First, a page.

Fixing a Forest after Fire: Protecting Habitat and Homes

July 7, 2023

Eugene Wier stands on the south bank of Bear Creek near the city of Talent, Oregon. His attention is focused north, across the creek, on signs of rebirth and regrowth amid a damaged landscape. An acorn woodpecker is resting on a burned tree trunk. Green shoots of black cottonwood and Oregon ash are pushing up through charred earth cleared of invasive blackberry bushes.

With a grant from the Oregon Watershed Enhancement Board, The Freshwater Trust (TFT) is completing a 47-acre restoration project along Bear Creek between Ashland and Phoenix. The land was severely burned in the 2020 Almeda Fire.

The goal of the restoration project is two-fold: remove burned debris to increase community safety and landscape manageability and replant native vegetation to increase diversity and resilience for long-term land and water habitat benefits.

Staff assess impacts of the Almeda Fire along Bear Creek

Hundreds of burned trees left behind after the fire posed a threat to community safety. Instead of removing them in whole, TFT piloted a new method to remove the most dangerous parts of the trees’ upper stories while leaving in place the standing burned trunks. The woody materials left behind, called snags, have a natural, ecological function.

“By creating ‘safe snags,’ we reduced the risk of injury or damage to property while retaining the parts of the tree that provide long-term floodplain and wildlife benefits,” said Eugene Wier, a Restoration Program Manager at The Freshwater Trust.

People cutting off burned crown of tree and large tree limbs

These snags will be made safe by removing the crowns, but getting them there is dangerous work

In April and May 2023, TFT and restoration partners removed the hazardous dead tree crowns while retaining the main trunks, larger logs and root masses that provide significant benefit to cavity-nesting birds such as acorn woodpeckers, Northern flickers, and wood ducks as well as bats.

“This approach strikes a balance between wildlife habitat and community safety and manageability,” said Wier.

"Safe snags" tree trunks with woodpecker

With the area stabilized, TFT and partners will next focus on replanting the streambanks with long-lived species such as black oak, cottonwood, big leaf maple, Oregon ash, and Ponderosa pine. These hearty native trees not only help the existing plant community recover but also make the plant community stronger to resist future disturbance.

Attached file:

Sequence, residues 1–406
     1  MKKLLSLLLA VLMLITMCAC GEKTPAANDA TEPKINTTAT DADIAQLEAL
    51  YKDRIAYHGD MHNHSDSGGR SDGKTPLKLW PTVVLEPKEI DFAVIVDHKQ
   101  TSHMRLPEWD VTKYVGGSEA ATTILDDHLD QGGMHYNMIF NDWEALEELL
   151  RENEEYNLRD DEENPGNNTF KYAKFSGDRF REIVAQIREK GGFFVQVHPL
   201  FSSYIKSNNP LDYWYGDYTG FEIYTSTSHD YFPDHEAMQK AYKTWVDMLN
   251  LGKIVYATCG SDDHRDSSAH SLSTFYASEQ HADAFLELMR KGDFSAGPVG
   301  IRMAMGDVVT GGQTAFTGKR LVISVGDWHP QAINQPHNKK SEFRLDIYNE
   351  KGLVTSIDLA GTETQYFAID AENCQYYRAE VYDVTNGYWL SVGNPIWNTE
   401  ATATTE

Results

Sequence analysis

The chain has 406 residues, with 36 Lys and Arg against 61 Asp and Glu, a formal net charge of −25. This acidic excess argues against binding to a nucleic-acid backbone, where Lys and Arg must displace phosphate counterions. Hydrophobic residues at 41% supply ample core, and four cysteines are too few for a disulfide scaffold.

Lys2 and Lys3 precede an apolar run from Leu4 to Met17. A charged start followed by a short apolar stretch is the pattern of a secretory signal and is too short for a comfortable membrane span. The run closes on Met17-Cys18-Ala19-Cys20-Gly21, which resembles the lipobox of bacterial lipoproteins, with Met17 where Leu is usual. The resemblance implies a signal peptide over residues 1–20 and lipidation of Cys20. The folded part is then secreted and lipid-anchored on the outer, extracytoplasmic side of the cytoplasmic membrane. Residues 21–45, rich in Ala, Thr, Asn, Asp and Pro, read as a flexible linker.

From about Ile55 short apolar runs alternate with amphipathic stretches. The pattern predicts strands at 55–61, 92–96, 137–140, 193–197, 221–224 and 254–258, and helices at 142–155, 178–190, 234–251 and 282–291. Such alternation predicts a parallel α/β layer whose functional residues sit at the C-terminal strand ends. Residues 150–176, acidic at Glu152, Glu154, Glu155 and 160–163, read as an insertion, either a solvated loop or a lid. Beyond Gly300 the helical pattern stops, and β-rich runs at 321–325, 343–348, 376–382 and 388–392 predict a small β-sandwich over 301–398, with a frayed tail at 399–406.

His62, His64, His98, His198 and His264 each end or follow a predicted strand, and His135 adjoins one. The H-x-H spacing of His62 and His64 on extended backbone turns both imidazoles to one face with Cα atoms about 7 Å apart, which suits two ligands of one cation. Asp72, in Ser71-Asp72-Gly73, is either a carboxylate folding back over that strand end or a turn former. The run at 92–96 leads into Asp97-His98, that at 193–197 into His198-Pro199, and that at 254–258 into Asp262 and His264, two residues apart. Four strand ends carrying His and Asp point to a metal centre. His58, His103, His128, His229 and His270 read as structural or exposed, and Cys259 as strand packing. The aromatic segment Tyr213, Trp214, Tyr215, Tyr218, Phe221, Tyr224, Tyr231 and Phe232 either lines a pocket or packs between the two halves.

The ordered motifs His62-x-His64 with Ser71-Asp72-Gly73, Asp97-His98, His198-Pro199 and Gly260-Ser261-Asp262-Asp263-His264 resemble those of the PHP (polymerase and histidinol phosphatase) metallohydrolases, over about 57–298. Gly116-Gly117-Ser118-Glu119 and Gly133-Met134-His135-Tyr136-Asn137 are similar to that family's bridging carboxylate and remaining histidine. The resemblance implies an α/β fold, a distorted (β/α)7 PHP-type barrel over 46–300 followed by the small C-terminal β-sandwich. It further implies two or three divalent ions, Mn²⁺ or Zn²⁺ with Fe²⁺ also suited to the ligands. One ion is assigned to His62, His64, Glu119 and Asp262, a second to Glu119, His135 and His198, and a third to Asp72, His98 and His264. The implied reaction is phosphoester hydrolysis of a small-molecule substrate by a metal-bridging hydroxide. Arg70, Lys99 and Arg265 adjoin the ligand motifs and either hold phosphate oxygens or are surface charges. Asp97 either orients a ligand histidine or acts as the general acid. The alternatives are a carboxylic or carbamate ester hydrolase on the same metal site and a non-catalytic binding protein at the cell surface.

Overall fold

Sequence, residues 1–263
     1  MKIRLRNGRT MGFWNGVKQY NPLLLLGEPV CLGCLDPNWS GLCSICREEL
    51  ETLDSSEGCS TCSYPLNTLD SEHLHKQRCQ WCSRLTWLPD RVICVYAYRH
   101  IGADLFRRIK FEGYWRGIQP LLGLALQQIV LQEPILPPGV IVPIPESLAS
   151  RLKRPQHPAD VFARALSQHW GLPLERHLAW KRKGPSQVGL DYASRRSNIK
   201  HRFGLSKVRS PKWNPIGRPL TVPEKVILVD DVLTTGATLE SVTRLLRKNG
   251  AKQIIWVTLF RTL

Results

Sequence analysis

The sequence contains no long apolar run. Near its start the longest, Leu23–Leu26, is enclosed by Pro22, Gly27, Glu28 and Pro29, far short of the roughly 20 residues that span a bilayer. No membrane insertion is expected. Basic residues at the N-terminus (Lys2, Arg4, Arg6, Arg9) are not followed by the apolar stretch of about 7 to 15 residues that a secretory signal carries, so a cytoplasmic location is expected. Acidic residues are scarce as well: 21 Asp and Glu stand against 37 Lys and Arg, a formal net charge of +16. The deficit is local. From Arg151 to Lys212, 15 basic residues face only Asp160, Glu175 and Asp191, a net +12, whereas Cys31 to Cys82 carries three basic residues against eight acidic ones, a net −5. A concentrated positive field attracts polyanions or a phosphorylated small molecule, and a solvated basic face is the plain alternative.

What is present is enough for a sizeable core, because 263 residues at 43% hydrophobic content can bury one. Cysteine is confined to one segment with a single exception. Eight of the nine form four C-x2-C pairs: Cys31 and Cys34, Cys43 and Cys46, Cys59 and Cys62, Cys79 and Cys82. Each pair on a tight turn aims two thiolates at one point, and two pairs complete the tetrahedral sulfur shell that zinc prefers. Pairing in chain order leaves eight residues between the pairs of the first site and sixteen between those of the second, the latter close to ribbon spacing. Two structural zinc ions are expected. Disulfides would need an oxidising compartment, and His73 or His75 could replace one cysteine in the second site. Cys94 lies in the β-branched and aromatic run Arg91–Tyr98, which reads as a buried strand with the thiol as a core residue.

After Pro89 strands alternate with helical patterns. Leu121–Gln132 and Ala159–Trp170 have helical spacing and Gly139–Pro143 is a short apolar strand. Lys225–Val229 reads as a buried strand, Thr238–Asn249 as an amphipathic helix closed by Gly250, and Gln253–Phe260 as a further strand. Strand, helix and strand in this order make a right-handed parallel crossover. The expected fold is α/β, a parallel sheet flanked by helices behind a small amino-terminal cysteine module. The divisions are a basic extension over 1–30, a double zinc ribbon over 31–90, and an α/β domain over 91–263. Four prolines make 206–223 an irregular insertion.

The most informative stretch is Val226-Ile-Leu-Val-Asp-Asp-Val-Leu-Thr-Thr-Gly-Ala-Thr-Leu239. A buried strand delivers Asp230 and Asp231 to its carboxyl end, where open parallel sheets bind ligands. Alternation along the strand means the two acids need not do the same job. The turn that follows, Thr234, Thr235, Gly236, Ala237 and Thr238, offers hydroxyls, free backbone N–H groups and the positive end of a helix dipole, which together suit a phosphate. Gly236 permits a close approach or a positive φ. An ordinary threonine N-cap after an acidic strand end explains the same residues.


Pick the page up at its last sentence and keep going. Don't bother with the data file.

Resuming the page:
“There is a huge need to increase the diversity and cover of native species after the wildfire,” said Wier.

In the fall of 2023, TFT will replant approximately 7,000 native trees and shrubs within 20 acres of the 47-acre site to increase density of the streamside forest in key areas identified by a post-fire vegetation assessment.

This restoration along Bear Creek’s north bank will complement restoration along 22 acres on the south bank that TFT has completed over the past three years. The south bank projects focused on growing riparian forests whose shade cast shadows over the water to block sunlight and reduce thermal load. Native fish need these cool-water habitats to survive.

“Twenty acres may not sound like much, but when stretched over a 50-foot-wide stream buffer it can equal miles of restored streambank,” said Wier.

Revegetation projects along the south bank are part of the City of Ashland’s water quality trading (WQT) program, where municipalities use natural infrastructure techniques, such as streamside plantings or the building of wetlands, to offset the water quality impacts of treating and discharging wastewater on native fish. This is done with the goal of staying in compliance with the Clean Water Act.

Ashland’s WQT program also is helping bring immediate restoration to priority locations after the fire, and it has served as a catalyst for additional investment into the region by helping secure funding from additional state and federal sources, including the U.S. EPA, Federal Emergency Management Agency (FEMA), Oregon Watershed Enhancement Board, and Jackson County, Oregon.

“Like a healthy ecosystem made of diverse species in a complex landscape, so too a watershed-wide restoration effort needs a diverse set of funders and integrated objectives working together to realize the desired outcome,” said Wier. “We look at restoration through a wide lens and implement actions designed to build resilience broadly. A big vision and multiple funding sources are knitted together.”

“This isn’t just about fish and wildlife habitat, or water quality, it’s about community protection, equal access to nature and water, recreation opportunities, and building a resilient landscape in which our community can prosper.”

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